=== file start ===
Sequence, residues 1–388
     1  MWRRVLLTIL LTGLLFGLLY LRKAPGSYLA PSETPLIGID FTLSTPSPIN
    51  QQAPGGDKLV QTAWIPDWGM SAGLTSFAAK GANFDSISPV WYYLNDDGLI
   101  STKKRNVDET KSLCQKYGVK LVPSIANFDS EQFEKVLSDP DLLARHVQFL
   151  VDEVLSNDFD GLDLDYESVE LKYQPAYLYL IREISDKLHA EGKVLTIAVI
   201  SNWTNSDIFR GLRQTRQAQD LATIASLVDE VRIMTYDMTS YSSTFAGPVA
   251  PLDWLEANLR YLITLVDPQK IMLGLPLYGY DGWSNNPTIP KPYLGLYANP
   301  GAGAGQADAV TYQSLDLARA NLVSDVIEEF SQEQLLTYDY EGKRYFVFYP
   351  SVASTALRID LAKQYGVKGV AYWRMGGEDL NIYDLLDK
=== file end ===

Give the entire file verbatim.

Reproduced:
Sequence, residues 1–388
     1  MWRRVLLTIL LTGLLFGLLY LRKAPGSYLA PSETPLIGID FTLSTPSPIN
    51  QQAPGGDKLV QTAWIPDWGM SAGLTSFAAK GANFDSISPV WYYLNDDGLI
   101  STKKRNVDET KSLCQKYGVK LVPSIANFDS EQFEKVLSDP DLLARHVQFL
   151  VDEVLSNDFD GLDLDYESVE LKYQPAYLYL IREISDKLHA EGKVLTIAVI
   201  SNWTNSDIFR GLRQTRQAQD LATIASLVDE VRIMTYDMTS YSSTFAGPVA
   251  PLDWLEANLR YLITLVDPQK IMLGLPLYGY DGWSNNPTIP KPYLGLYANP
   301  GAGAGQADAV TYQSLDLARA NLVSDVIEEF SQEQLLTYDY EGKRYFVFYP
   351  SVASTALRID LAKQYGVKGV AYWRMGGEDL NIYDLLDK